Matters regarding boundaries, area offices, etc., shall he left for local settlement, subject to the approval of the governing body. Every member of each n ew association will be a member of the 4area in 'which is his registered address. Where a member has branches in other areas his representatives from there will be eligible to serve on area committees with full voting rights, but not more than two representatives of one member may serve on the natidnal council without the approval of the latter, and in no case shall two representatives of a member bo eligible as area representatives of the same area.

Each area committee will be empowered, subject to the direction of the appropriate national council, to deal with local affairs, and may, without prejudice to principles of national importance, make representations thereon to local bodies and authorities. They may initiate discussions on national matters, but not make representations thereon other than to the national council.

National executives should combine principles of democracy and effective representation. Whilst every Traffic Area must be represented, it is necessary that every important section of the industry should have its chosen representative on the Council. Within prescribed limits, the services of eminent persons who can make contributions Of outstanding value should be utilized, but such persons should have no voting powers.

It is suggested that the national council of each associa

tion should comprise not more than 60 representatives, as follow:—Irea representatives, 34; functional, representatives, maximum, 20; additional members, maximum, (3.

Subject to later transitory provisions, each area committee of an association may elect two representatives to the national council. In each year half these representatives shall retire, but be eligible for re-election if qualified. All functional representatives, additional members and 50 per cent, of elected members of the national council to retire -annually, but be' eligible for re-election if qualified.

It is impracticable for existing national council or sections thereof to combine to form national councils of the new associations. The national council of each, therefore, will consist, at first, and for a period of six months, of six members, nominated by each existing organization. Following this, all the members will retire. .During such period a first area committee of the Road Haulage Association will be elected in each area, and should elect two members to serve on the national council, the first area committee to consist of reprqsentatives of local haulier boards of each' existing organization which functions in the area, the number being such as the national council may prescribe, not exceeding 21. Similar procedure should be followed in connection with the Traders' Road Transport Association and the Passenger Vehicle Operators' Association.

The national council so constituted should have OCAVCT to elect additional members to correct any inequality of representation as between existing organizations ' Within about two years after the constitution of the new association, all members of the national council should retire, but be eligible for re-election.

Each area committee will, subject to the direction of the national council, organize sub-areas and set up sub-area committees on an elective basis, these forming the basis of the democratic structure 'on which the permanent organization is to be built.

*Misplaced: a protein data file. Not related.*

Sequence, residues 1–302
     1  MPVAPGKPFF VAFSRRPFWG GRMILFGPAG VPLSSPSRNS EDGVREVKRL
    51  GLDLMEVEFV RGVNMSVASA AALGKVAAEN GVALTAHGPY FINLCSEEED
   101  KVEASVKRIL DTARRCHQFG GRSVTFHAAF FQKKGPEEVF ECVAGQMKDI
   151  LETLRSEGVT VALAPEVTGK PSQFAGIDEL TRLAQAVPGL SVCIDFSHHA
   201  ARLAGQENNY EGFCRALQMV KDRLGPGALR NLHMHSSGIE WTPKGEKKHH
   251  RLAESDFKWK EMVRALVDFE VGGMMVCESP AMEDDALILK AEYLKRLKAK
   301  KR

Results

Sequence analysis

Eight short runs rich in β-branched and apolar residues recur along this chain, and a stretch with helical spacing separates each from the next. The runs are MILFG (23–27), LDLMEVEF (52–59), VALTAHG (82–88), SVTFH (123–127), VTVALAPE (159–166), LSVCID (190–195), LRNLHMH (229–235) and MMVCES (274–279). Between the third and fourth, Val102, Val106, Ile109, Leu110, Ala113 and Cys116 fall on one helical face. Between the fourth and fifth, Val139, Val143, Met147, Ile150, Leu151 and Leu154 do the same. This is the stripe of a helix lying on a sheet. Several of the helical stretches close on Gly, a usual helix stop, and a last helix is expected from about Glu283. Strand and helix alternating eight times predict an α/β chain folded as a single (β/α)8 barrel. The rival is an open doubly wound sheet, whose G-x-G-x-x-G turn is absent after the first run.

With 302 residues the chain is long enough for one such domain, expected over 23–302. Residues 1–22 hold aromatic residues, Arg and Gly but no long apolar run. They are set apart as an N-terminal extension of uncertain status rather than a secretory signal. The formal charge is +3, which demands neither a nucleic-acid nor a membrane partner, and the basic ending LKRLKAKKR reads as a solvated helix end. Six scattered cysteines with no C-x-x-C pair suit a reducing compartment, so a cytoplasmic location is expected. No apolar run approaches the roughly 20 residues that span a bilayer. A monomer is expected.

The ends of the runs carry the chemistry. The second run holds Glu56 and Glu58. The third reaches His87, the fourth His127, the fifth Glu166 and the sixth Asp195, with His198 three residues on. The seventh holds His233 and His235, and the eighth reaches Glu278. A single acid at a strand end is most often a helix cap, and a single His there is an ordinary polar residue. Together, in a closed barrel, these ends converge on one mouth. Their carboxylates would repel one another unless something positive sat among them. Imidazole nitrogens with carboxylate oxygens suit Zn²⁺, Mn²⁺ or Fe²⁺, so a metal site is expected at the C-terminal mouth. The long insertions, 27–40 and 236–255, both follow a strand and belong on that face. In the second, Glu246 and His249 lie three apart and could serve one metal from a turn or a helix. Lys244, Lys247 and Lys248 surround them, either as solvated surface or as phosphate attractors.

It is 'proposed:—(a) that the national council of each association should be empowered to create and recognize functional groups concerned with special interests, e.g., express carriers, furniture removers, clearing houses; . admission to membership to be regulated by the Council; (b) that in the case of each group, operators interested be invited to apply for, registration as members, with or without additional fee; (c) that the groups be organized into areas and provision made for the election of functional group area committees, which would elect representatives to serve on a functional group national committee; (d) that the national council be empowered, in appropriate cases, to permit one or not more than two representatives elected by each of these committees to sit on the appropriate national council as functional representatives, provided that

the number shall not exceed 20. • .

-Functional Group for Removers

The furniture removers' functional group should have two sections, the first composed of removal specialists nominated by the 'National Association of Furniture Warehousemen and Removers, and the first committee should be appointed by that Association; the second section. to consist of those who undertake removal work intermittently. Alt road transport matters affecting furniture removers will be dealt with by the new Road Haulage Association. Contrariwise, the R.H.A. would not deal with any removal matters other than transport.

The winding up of the National Conference of Clearing Houses should be a condition of the creation of a functional group for clearing houses.

As regards existing local associations, if unity is to be complete, no provision can be made for affiliation, but to allow for local loyalties, local associations should, where they desire, constitute sub-areas and operate any special local schemes which may be functioning, retaining their old names as sub-titles., It is suggested that premises at headquarters and in areas for both Federation and associations should be owned or rdited by the Federation and sub-let to the associations. Headquarters should be centrally situated in the Pall Mali ' area, and .should comprise a whole building somewhat bigger than is it first required, accommodation temporarily unwanted being sub-let. It should include a conference room and committee rooms, and should be away from ' traffic-noise. Furniture, fittings and equipment should be

comments powered by Disqus